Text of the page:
There was once a pitcher for the Houston Astros known as Jose Lima. Lima had a moderately successful career for the Astros while the team was in the Astrodome, a park ideally suited for his style of pitching, a style which often involved deep flyball outs. Then the Astros moved to Minute Maid Park. It's rumored that, on his first visit to the ballpark, Lima said something to the effect that the designer of the ballpark was no friend of his.
Lima then proceeded to spend the 2000 season, and most of the 2001 season, getting his ass kicked. Those long Astrodome flyballs that used to fall harmlessly into the gloves of his outfielders were now, instead, falling into the Crawford Boxes. And that was happening to a lot of the pitchers on the Astros staff, primarily those who had learned to pitch in the Dome. Then guys like Wade Miller and Roy Oswalt came along. They had never pitched in the Dome, so they had no fear of the Crawford Boxes, and they proved that it was possible to be a successful pitcher at Minute Maid.
This brings me to the Houston Aeros.
The Aeros are currently on a 1-6-1-3 streak. And most of those games have been close losses, often coming on a third-period goal that should have been stopped. You check the stats and you see that the Aeros are actually one of the top teams in the AHL in terms of defense and not allowing goals. But they're also one of the worst teams in the AHL when it comes to scoring goals. So every goal scored is, in a manner of speaking, life or death for the Aeros.
Rumblings from inside the locker room point to the goalies, Anton Khudobin, Wade Dubielewicz, and Barry Brust, letting the team down because their play in the third period is not as strong as it has been in the first two periods.
And the stats seem to back this up as, for the most part, teams take fewer shots at the goalies in the third period, yet despite fewer shots, more of them go in for goals. Goals which often cost the team the game.
So one begins to wonder: is there some kind of psychological thing going on with the goalies? Are they trying so hard to be perfect, knowing that if they are anything less than perfect the team's going to lose, and thus they get so caught up in the mind games that, just like that, the puck is past them and the game is over?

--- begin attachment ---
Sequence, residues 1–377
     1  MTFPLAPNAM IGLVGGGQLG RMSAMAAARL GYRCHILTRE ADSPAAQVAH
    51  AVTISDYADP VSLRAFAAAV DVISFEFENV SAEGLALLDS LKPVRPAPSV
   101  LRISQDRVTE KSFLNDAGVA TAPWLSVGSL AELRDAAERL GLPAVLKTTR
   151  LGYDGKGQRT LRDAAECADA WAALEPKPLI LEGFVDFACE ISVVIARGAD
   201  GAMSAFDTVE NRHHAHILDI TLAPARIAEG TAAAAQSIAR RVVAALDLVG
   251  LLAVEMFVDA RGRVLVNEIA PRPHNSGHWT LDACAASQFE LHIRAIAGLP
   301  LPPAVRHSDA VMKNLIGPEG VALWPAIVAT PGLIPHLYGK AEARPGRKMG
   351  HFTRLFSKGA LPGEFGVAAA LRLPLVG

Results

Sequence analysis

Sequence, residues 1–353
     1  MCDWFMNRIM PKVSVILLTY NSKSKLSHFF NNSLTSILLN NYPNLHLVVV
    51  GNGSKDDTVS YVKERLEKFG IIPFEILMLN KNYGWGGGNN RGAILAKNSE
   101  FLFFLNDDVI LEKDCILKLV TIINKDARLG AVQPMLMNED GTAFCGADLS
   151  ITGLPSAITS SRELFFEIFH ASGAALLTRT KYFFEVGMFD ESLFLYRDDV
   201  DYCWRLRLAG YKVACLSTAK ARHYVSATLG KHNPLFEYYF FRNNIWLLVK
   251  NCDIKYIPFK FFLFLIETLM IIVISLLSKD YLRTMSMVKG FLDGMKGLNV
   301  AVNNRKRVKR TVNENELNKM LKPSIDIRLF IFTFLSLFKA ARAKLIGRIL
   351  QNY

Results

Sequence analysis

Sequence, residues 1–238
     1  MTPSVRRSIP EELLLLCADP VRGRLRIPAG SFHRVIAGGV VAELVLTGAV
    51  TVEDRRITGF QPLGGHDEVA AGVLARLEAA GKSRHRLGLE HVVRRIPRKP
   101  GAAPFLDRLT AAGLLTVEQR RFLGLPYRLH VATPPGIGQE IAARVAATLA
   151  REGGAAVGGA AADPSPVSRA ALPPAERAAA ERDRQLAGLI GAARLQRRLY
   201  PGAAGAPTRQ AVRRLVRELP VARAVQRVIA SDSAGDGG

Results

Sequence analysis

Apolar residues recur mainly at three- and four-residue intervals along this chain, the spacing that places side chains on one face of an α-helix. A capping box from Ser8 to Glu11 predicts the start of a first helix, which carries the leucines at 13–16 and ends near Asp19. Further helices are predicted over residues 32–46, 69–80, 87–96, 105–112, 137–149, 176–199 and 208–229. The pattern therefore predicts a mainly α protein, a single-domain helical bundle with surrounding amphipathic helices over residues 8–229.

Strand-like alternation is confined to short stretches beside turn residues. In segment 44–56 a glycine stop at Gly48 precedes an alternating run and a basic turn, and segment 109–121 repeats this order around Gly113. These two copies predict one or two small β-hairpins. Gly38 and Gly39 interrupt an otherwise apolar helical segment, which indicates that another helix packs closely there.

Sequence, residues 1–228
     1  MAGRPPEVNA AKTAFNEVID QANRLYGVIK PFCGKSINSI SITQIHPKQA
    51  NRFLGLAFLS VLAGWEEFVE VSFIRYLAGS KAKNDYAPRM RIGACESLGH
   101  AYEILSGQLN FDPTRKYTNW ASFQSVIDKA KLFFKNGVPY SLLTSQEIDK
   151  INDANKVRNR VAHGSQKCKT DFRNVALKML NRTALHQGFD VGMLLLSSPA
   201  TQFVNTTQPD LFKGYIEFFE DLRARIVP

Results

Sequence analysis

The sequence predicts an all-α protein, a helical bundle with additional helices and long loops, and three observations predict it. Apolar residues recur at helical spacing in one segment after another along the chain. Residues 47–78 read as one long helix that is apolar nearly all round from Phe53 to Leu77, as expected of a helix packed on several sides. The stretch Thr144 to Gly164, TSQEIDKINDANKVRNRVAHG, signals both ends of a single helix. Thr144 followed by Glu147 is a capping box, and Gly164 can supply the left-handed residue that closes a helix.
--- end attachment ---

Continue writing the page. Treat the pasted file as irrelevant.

"If you're with a team for awhile, you do feel [the pressure to be perfect]," Dubielewicz said Sunday. "But I was fortunate to be up with the Wild for a week, so you kind of lose that a little bit. That's why tonight I was hoping to come in here and have a big game and get a win for the guys [instead, the Aeros lost 2-1 in OT to the Milwaukee Admirals]. When you're around it all of the time, it really can seep into your mind a little bit, and when you get a mental break from it for a week, you kind of forget about it. That's why this one's tougher for me even to swallow right now because I thought we really played well enough to win this game, and I thought hopefully we were going to get back on track, and that wasn't the case."
With their current woes, the Aeros have not only dropped out of playoff contention, they've dropped into last place with a record of 29-30-7-4. But while there may only be 10 games left in the season, the guys are still playing as if every game counts. And according to Dubielewicz, this effort is why he and the other goalies care so much.
"That goes to show that this team does have character, and that's special," he said. "That's why it's fun being a part of this team all year. There's no quitting here. And I'm proud of that. But at the same time, this is professional hockey, and we have to make plays, and we have to make saves, and we have to score goals. If you don't do that, you're not going to be around hockey for a long time. It's really disappointing on that level because there's a lot of character in this room. I think with a break or two we could be a different story."
The entire season has been a story of a break or two that has gone the wrong way. And maybe, just maybe, like that Crawford Boxes broke the psyche of Jose Lima, close loss after close loss is breaking the psyche of the current Aeros.
Keep the Houston Press Free... Since we started the Houston Press, it has been defined as the free, independent voice of Houston, and we would like to keep it that way. Offering our readers free access to incisive coverage of local news, food and culture. Producing stories on everything from political scandals to the hottest new bands, with gutsy reporting, stylish writing, and staffers who've won everything from the Society of Professional Journalists' Sigma Delta Chi feature-writing award to the Casey Medal for Meritorious Journalism. But with local journalism's existence under siege and advertising revenue setbacks having a larger impact, it is important now more than ever for us to rally support behind funding our local journalism. You can help by participating in our "I Support" membership program, allowing us to keep covering Houston with no paywalls.